Hans Theys is a twentieth-century philosopher and art historian. He has written and designed dozens of books on the works of contemporary artists and published hundreds of essays, interviews and reviews in books, catalogues and magazines. All his publications are based on actual collaborations and conversations with artists.

This platform was developed by Evi Bert (Centrum Kunstarchieven Vlaanderen) in collaboration with the Royal Academy of Fine Arts in Antwerp (Research group Archivolt), M HKA, Antwerp and Koen Van der Auwera. We also thank Idris Sevenans (HOR) and Marc Ruyters (Hart Magazine).


Emilio López-Menchero - 2018 - Le bal des têtes [FR, essay],
Text , 2 p.


Hans Theys

The dance of the masks
Emilio López-Menchero and the art of painting

One lovely December night thirty years ago, I saw some beautiful paintings by López-Menchero. He already knew how to paint. But painting in itself wasn’t enough for him. He wanted something else. He wanted a recognisable face and a soul that was really his. Suddenly we heard strange noises in the street. We stepped onto the balcony and looked down on the night-time rehearsal for a parade of cardboard giants. Two giants were leaning against lampposts, one was resting in the street gutter. As a parade, they would certainly rip the urban flesh apart and cause unintentional social upheaval?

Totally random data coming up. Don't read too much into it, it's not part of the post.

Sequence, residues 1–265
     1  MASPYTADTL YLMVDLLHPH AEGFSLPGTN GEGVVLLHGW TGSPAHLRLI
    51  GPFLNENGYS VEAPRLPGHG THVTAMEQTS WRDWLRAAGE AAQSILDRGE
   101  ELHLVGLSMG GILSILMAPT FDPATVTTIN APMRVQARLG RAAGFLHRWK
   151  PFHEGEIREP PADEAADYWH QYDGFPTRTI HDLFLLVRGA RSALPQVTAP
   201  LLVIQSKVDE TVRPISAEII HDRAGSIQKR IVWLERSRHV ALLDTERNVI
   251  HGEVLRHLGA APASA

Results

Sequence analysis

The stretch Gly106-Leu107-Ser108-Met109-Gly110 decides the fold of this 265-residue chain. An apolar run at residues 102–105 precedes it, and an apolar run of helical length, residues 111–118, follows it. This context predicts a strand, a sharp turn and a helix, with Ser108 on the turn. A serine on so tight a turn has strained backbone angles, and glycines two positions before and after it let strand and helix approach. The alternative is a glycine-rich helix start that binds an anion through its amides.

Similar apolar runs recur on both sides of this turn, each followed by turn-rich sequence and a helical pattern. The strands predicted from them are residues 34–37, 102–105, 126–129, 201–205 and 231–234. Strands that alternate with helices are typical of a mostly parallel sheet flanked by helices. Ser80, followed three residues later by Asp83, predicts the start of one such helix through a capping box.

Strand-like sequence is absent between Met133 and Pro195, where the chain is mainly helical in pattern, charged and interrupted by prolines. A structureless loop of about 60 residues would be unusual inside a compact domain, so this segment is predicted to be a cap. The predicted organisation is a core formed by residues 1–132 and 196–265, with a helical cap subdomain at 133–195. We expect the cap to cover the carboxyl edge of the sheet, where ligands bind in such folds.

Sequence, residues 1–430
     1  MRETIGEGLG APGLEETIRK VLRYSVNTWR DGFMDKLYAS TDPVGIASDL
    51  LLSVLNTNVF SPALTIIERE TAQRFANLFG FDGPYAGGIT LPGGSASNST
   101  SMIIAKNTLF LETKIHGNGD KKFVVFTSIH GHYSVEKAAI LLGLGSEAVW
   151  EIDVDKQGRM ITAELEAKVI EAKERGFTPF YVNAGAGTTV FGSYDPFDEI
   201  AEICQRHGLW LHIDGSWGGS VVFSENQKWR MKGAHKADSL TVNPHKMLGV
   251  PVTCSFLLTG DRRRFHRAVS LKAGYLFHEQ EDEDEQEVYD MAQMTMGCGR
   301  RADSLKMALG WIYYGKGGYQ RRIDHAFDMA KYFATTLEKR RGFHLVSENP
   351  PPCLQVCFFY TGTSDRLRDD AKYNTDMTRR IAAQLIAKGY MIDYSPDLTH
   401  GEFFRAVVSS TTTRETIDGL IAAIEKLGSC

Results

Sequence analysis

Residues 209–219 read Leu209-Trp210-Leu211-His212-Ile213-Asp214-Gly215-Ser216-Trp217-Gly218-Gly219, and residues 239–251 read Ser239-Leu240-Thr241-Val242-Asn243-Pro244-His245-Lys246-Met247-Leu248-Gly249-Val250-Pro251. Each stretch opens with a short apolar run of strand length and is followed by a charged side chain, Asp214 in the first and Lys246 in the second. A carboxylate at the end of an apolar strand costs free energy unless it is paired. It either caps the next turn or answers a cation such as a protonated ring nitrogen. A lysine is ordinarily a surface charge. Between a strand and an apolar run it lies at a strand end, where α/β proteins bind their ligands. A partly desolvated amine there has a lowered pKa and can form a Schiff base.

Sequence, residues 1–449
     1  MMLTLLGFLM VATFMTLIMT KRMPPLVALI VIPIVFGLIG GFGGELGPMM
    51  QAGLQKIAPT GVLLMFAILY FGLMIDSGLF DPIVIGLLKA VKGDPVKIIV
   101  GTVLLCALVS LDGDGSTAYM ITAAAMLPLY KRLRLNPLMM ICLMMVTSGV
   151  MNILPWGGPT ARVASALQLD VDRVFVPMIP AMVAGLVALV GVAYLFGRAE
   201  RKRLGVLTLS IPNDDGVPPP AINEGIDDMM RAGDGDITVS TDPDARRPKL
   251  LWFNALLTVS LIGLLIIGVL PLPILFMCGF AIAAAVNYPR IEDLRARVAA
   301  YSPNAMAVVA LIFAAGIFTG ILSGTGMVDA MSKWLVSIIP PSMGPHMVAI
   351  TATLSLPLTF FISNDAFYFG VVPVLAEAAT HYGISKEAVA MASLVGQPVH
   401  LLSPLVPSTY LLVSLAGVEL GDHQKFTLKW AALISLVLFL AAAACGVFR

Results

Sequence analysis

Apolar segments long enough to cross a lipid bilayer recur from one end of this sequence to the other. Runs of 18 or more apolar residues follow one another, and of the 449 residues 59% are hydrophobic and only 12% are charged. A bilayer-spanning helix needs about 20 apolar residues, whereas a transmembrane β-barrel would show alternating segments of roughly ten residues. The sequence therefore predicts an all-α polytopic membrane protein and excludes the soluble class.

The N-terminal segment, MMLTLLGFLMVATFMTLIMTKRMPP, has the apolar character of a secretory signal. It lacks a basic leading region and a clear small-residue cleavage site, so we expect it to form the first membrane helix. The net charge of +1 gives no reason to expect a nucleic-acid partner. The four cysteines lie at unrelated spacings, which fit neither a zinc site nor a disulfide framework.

In the hands and the eyes of this painter, the art of painting becomes a tool. Some of the paintings look as if they have been combed. And indeed, painting is used here to comb the past, i.e. as a tool to rethink impressions, thoughts, doubts and dreams. Would it be possible to create a self through painting?
          Thinking of himself as somebody who has little feeling for language, López-Menchero turned to architecture, spatial interventions, photography, sculpture, drawing and, eventually, but not for the first time, painting itself, all in a bid to create an image of who he might be or become.
          How sharp these spatial interventions! How elegant these drawings! How precise these photographed self-portraits!
          A long time ago, I met a giant who told me that his mother’s death had set him free. As the owner of a grain shop, that formidable lady had carried fifty-kilo bags down from the attic store on her shoulders. Her son, himself enormous, was crushed by this daily demonstration of strength and willpower, and convinced himself he would never be worthy of this invincible Athena. Something similar happened to me. Having been raised by parents who pretended to be perfect for fear of being rejected by their children, I have always felt unworthy.
          Thoughts cannot save us. To understand (and to feel), we have to act. We have to plough furrows in the world. We have to fail. We have to survive our mistakes.
          Painting is so special because it allows us to show our failures. It consists of traces of a stupid, sturdy, painful and shameful, but honourable train of thought. It allows us to make drawings in mud, to shape dreams, to circle doubts, to get an idea of things.
          And thus the circus continues, the masks begin to dance, the acrobat learns how to land, the nightmare is tamed and the days grow softer.

Montagne de Miel, May 12th 2018